Greyfriars Kirk congregation in Edinburgh, regularly called upon to
offer her gifts of reading, performance and poetry.
Among all the sublime and
profound everyday surprising conversations with inquiring young and
old minds, playgroup play dough and swing pushing duty, and serving
communion to a mentor who was dying from cancer, some of the notable
things Sarah has been able to do as minister include ..
communion with the UCA president at the National Christian Youth
Convention on the Gold Coast in 2011
* leading protestant communion
at The Glen Workshops in Santa Fe, also 2011
* being interviewed on
radio as one of 19 ordinands in the UCA in South Australia in 2010
conducting the wedding for her sister (with bridesmaid's dress
beneath the liturgical robes)
* and a full immersion baptism of a
faithful 8 year old.
We meet from 7:30 pm for tea and coffee
and snacks, music, discussion and library.
The Guest Speaker's presentation is at 8
pm for an hour or so,
then we resume for questions and
discussion, finishing at 10pm.
Cost: Jung Society
members free, Guests $15, Seniors/Concession $10.
Pay by cash at
the door or bank transfer or by credit card via TryBooking.
Friday 6 November, 2020
(at MacKillop House, 50 Archibald St, Lyneham, ACT)
"A Dream in a Teacup"
Eve will present the following hypothesis for our
…being totally consumed in the writing of a
fictional novel for more than three years, while at the same
time, journaling, attending to one’s night time dreams and
day-time active imaginations… possibly be akin to spending a
comparative amount of time engaged in a dialectical relationship
with a Jungian, Dream Work Analyst?
Probably not - you
say? Well, all I know is that: during the writing process, on a
conscious level, I mostly had no idea where the next chapter was
coming from nor where it would take me. Images began to take on
a life of their own, as did the characters. To me the
story-lines were akin to dream images and I often wondered, if
in fact I had developed, deep within my psyche, my own nurturing
I also believe the writing of my novel A Dream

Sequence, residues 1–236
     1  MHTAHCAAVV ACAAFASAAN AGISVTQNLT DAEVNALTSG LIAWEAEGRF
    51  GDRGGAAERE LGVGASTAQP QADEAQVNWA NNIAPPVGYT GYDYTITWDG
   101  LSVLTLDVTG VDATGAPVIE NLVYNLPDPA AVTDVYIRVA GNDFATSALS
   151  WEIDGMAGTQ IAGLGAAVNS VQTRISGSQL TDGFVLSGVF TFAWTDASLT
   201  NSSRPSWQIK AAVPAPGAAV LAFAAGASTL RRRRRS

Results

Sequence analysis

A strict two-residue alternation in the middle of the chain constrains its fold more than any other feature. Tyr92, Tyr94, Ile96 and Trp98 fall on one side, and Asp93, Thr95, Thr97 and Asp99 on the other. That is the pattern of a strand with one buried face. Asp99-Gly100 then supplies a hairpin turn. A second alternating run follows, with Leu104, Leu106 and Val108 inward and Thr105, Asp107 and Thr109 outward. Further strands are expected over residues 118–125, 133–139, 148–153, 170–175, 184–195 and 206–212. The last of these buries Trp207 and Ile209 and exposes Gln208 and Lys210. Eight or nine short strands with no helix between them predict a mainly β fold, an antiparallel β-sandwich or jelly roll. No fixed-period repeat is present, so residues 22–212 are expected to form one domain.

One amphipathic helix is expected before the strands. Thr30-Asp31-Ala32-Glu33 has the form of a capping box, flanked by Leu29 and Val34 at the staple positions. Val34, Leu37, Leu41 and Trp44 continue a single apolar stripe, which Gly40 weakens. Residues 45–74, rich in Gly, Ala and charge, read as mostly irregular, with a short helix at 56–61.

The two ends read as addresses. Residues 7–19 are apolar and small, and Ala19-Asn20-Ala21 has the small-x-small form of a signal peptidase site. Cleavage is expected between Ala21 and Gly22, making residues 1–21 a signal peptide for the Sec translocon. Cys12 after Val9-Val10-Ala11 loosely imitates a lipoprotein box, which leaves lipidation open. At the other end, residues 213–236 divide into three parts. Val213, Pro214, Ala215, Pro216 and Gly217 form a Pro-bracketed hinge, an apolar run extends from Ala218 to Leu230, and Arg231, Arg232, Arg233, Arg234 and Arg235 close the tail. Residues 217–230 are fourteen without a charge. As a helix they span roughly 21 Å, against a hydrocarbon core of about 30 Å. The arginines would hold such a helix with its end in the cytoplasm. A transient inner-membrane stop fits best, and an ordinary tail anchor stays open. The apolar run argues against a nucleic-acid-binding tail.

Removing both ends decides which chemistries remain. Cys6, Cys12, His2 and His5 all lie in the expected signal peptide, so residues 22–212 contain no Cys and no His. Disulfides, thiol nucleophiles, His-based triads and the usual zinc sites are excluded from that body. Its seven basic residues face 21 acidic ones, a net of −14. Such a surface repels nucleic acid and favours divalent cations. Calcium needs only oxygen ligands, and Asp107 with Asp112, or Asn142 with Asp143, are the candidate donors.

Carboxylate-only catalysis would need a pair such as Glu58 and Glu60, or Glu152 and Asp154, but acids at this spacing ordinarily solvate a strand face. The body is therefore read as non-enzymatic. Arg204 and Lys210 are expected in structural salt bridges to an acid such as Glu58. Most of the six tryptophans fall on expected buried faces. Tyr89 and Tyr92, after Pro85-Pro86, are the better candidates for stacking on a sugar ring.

in a Teacup became my redemption, my coming out of darkness, and
provided me with not only momentary glimpses of
self-actualization, but also a number of what I would call, peak
Jung on Dreams:
* Dreams are a
spontaneous self-portrayal, in symbolic forms.
* Dream images
are the best possible expression of still unconscious facts.
Jung on Active Imagination:
* This is where the
unconscious content might be exposed in the waking state.
where the drama that is enacted appears to want to compel the
As I see it, first and foremost,
A Dream in a Teacup is a self-portrayal of me and my life. But
it is also very much a social commentary of a time and place.
What you might call ‘a glimpse into Canberra’s psyche during the
1940’s.’ The microcosm population consisting of politicians,
public servants, a few journalists, Duntroon military personal,
and other than that…it was mostly working-class people like my
Eve Warren has been a member of Canberra Jung
Society for thirty years. She has a Bachelor of Arts in Social
Welfare from Charles Sturt University and a Masters in Theology,
Ageing and Pastoral Care from the Australian Catholic
For a long time, Eve worked with people who
were ageing. People with dementia and their carers. Eve is a
highly skilled, Carer Support Group Facilitator. It was within
this role, that she deemed her primary role was to instil into
her carers, a sense of selfishness. Likening the primary and
fundamental rule of First aid to their role of carer: firstly,
make sure you secure your own safety before attempting to
minister to others.
Tapping into mediums such as the
labyrinth, music, dance, drawing, clay work and dreams, Eve
designed reflection days for her Carers. Eve’s primary purpose
for these workshops being to provide a space where her carers
might explore and find that place within, the place where
wisdom, intuition and inner strength resides. A place where they
might draw strength and consolation.
See Eve's website:
where you can read chapter one of
We meet from 7:30 pm for tea
and coffee and snacks, music, discussion and library.
Guest Speaker's presentation is at 8 pm for an hour or so,
then we resume for questions and discussion, finishing at 10pm.
Cost: Jung Society members free, Guests
$15, Seniors/Concession $10.
Pay by cash at the door or bank
transfer or by credit card via TryBooking.
~~~ Christmas Party ~~~
at MacKillop House, 50 Archibald St, Lyneham, ACT.
Watch this space
The Canberra Jung Society Inc. does not endorse and is not to be held
responsible for the content of any lecture or advertisement, nor is any
information or advice a substitute for professional counselling and
If you believe that we have inadvertently breached any
copyright provision, please let us know and we will immediately rectify
* Monthly Friday meetings: non-members is $15 or $10
Seniors/Concession (members free).
* Special Events (eg workshops) is indicated
* Annual membership is $75 (or $60 concession), to be paid in March each year,
entitling members to attend our 10 meetings plus receive two newsletters.
Pay at the door, or by bank transfer, or with credit card at
Everyone is welcome.
We normally meet at 7:30pm on the first Friday each month for music
and coffee and chat,
Guest Speaker at 8pm, break for supper around
9pm, resume for questions and discussion until 10pm.
at MacKillop House, 50 Archibald St, Lyneham, ACT.
*** Please check the website for any changes to date/time and locaton of
Postal: PO Box 554, Dickson, ACT 2602, Australia